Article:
Pioneers…Drum majors for equal opportunity …these men were passionate about their crusade to promote Black college achievements through the use of the tools of the media. Long before integrated competition became a theme in America, they challenged the status quo and promoted Jackie Robinson, Paul “Tank” Younger, Jesse Owens, Satchel Paige, Althea Gibson and numerous others who passed through the doorsteps of Black colleges and white institutions.
The Dean of Sports Writers
(Sept. 30, 1924 – May 7, 2014)
Legendary journalist and NFL Scout Bill Nunn entered the newspaper business as a sports writer for the Pittsburgh Courier, where he later became sports editor and managing editor. After elevating the Courier’s Black Sportswriters College All-American team to new heights, Nunn joined the Pittsburgh Steelers’ scouting staff part time in 1967 and then full time in 1969. A true innovator, he constructed a bridge between the Steelers and Historically Black Colleges and Universities. A legend among NFL scouts, he has been a part of the Pittsburgh Steelers six Super Bowl championships which included Black College stars: John Stallworth (Alabama A&M), L.C. Greenwood (Arkansas AM&N) and Tennessee State’s QB Joe Gilliam, Jr.
(Oct. 23, 1903 – May 8, 2003)
Baseball Hall of Fame Sportswriter, Reporter, Columnist, Editor, and TV/Radio Commentator …A Howard graduate who became a columnist for the Baltimore-Afro-American newspapers in 1943. Lacy was a crusader for the inclusion of black athletes in major league baseball. Some of the nation’s best ballplayers played in the Negro National League and had no chance of joining the Major League Baseball. Lacy campaigned in newspaper sports columns against the racial policies and climate that kept black players from competing on major leagueteams. His vigorous campaigning to Branch Rickey, owner of the Los Angeles Dodgers resulted in Jackie Robinson’s heralded breakthrough into the Major League Baseball in 1945. Mr. Lacy covered Robinson during his year with Montreal and his break-in year with the Dodgers. Robinson was soon followed by Larry Doby, a Virginia Union grad who signed with the American League Cleveland Indians. Honors: Baseball Hall of Fame, 1998…Red Smith Award (Sportswriters top award)
Hal Jackson was born in Charleston, SC and grew up in Washington, D.C. He graduated from Howard University where he began his broadcasting career doing Howard’s home baseball games and local Negro league baseball games. Hal broke a number of color barriers in American radio broad-casting. In 1939, he became the first African American disc jockey at WINX with The Bronze Review, a nightly interview program. He later hosted a talk show, a program of jazz and blues on WOOK-TV. Jackson moved to New York in 1954 and became the first radio personality to host his three daily shows on three different New York stations. In 1971, Jackson and Percy Sutton, former Manhattan borough president (Prairie View A&M) founded the Inner City Broadcasting Corporation- becoming the first African-American owned and operated station in New York City. The radio stations included WLIB-AM and WBLS-FM. Jackson owns and operates stations in New York, San Francisco, Philadelphia, Pittsburgh, Fort Lauderdale, Columbia, South Carolina, and Jackson, Mississippi. Jackson hosted the popular Sunday Classics on WBLS each Sunday Hall of Fame: National Association of Broadcaster’s (first minority inducted) 1990 National Radio Hall of Fame (first African-American inducted)1995 Rhythm and Blues Foundation, Pioneer Award 2003 Library of American Broadcasting, 2010 Founder, the Hal Jackson Talented Teens Miss International.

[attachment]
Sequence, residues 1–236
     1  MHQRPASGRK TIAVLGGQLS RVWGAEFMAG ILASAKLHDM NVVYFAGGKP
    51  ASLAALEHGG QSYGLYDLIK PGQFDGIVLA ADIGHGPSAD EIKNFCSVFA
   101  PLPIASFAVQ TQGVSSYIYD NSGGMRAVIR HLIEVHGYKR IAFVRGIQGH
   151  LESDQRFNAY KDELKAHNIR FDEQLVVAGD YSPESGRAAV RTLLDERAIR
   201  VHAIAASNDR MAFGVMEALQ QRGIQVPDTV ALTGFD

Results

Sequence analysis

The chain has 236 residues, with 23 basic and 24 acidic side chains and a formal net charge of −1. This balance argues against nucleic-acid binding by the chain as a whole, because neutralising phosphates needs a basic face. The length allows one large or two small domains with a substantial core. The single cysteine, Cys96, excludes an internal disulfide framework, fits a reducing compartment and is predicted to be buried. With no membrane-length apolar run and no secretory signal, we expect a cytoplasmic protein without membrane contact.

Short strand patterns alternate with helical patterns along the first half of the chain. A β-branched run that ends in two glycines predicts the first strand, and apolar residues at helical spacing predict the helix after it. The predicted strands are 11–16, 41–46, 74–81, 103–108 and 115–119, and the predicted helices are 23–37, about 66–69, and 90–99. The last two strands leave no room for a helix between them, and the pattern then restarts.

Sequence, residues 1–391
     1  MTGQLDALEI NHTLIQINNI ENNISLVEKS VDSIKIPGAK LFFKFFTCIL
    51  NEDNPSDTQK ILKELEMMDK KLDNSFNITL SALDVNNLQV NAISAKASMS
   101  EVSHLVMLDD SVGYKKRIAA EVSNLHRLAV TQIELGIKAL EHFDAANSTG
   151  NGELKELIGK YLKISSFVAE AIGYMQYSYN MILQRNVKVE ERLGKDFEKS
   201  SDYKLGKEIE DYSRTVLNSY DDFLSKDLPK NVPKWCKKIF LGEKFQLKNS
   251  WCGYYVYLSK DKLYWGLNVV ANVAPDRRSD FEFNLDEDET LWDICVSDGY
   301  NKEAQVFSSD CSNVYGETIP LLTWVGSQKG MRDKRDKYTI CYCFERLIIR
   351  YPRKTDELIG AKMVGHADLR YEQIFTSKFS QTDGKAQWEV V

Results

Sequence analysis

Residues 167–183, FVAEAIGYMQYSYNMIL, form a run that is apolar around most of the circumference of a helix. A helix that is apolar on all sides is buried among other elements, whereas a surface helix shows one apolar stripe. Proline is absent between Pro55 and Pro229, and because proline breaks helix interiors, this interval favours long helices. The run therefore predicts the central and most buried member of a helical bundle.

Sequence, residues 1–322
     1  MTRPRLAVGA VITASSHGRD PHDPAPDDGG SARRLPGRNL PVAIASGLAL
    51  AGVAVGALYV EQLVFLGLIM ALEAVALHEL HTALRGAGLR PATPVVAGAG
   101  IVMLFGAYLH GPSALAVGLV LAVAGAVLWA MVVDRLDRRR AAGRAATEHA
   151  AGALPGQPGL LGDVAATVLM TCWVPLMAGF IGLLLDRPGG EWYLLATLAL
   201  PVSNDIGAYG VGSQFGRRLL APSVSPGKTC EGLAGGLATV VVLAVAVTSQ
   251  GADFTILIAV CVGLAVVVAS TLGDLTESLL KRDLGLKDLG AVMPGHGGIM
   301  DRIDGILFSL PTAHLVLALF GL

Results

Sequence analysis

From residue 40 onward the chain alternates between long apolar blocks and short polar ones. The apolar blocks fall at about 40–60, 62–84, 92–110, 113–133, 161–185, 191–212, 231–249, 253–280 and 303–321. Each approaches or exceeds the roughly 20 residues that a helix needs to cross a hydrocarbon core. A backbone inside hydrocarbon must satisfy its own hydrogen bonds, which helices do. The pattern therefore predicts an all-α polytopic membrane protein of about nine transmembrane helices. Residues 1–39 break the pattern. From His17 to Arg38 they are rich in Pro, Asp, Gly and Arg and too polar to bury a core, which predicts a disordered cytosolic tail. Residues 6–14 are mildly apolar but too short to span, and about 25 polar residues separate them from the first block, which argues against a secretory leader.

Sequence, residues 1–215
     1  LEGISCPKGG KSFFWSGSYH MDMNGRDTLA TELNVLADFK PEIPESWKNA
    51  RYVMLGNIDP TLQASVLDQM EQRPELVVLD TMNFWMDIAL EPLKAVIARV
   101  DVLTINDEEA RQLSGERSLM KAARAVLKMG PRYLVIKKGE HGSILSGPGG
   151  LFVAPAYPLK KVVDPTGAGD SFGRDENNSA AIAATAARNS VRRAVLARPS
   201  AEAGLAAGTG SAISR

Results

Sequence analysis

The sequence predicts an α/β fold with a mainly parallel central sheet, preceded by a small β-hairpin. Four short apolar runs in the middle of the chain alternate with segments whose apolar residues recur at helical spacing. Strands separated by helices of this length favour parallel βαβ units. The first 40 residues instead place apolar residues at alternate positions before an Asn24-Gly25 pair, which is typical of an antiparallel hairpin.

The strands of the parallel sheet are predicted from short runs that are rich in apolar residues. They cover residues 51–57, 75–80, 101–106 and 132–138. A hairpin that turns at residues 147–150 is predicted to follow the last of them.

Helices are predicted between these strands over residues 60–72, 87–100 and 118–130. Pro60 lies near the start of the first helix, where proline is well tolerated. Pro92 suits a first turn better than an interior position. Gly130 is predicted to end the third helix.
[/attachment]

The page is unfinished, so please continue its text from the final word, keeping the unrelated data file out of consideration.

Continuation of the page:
A native of Annapolis, Maryland, Ron has spent over 40 years as a trailblazer in radio and television broadcasting. He attended Morgan State University before embarking on a career as a correspondent with the Baltimore Afro-American. He held jobs as a morning newscaster at WOL Radio in 1965, and took his first broadcasting job as a radio disk jockey at WANN in Annapolis, MD in 1956. He began doing play by play at Bates High School in 1964. His first college football play by play job was Maryland State College 1964. From there Ron’s began a long and impressive career:
1968-70, Play by play announcer, Morgan State University Golden Bears
1969, Orange Blossom Classic (the Black college football showcase in Miami, Florida. FAMU Rattlers Hall of Fame head coach Alonza “Jake” Gaither handpicked him).
1969-72, His second TV broadcast was for WTTG, Channel 5, Washington, DC weekend sportscaster (teamed with news anchors Connie Chung and full-time Maury Povich).
1971-74, He got a call from Collie Nicholson to do play by play at Grambling College.
Footnote: Grambling State hired him to do play by play for their syndicated televised football games. He worked with former Dallas Cowboys running back Don Perkins, , and Betty Smith, considered the first woman sideline reporter in Los Angeles.
1975-78, Mutual Black Network “Black College Game of the Week” (former NFL stars Roger Brown and Tom Gatewood).
1976- ABC-TV Regional game featuring Mississippi Valley State vs. Jackson State.
1978-79 -CIAA Basketball Championship (Regional Telecast) First time NBC televised Black College game. (with NBA Hall of Famer Sam Jones).
1980 – 1992, Sports Director, National Black Network.
1993, John B. McLendon, Jr. Basketball Invitational Tournament, Atlantic City, NJ.
1993 MEAC Game of the Week, ESPN 2 (with Gil McGregor)
1996 -2012, Color commentator, WHOV, play by play announcer, Hampton University.
He retired for good after the 2012 season.
West VA State
North Carolina A&T
North Carolina A&T
Norfolk Journal & Guide
Stepehn A. Smith
Winston- Salem State
Dr. Ben Chavis
NY Amsterdam News
The Houston Post
Newark Star Ledger
Brad Pye, Jr.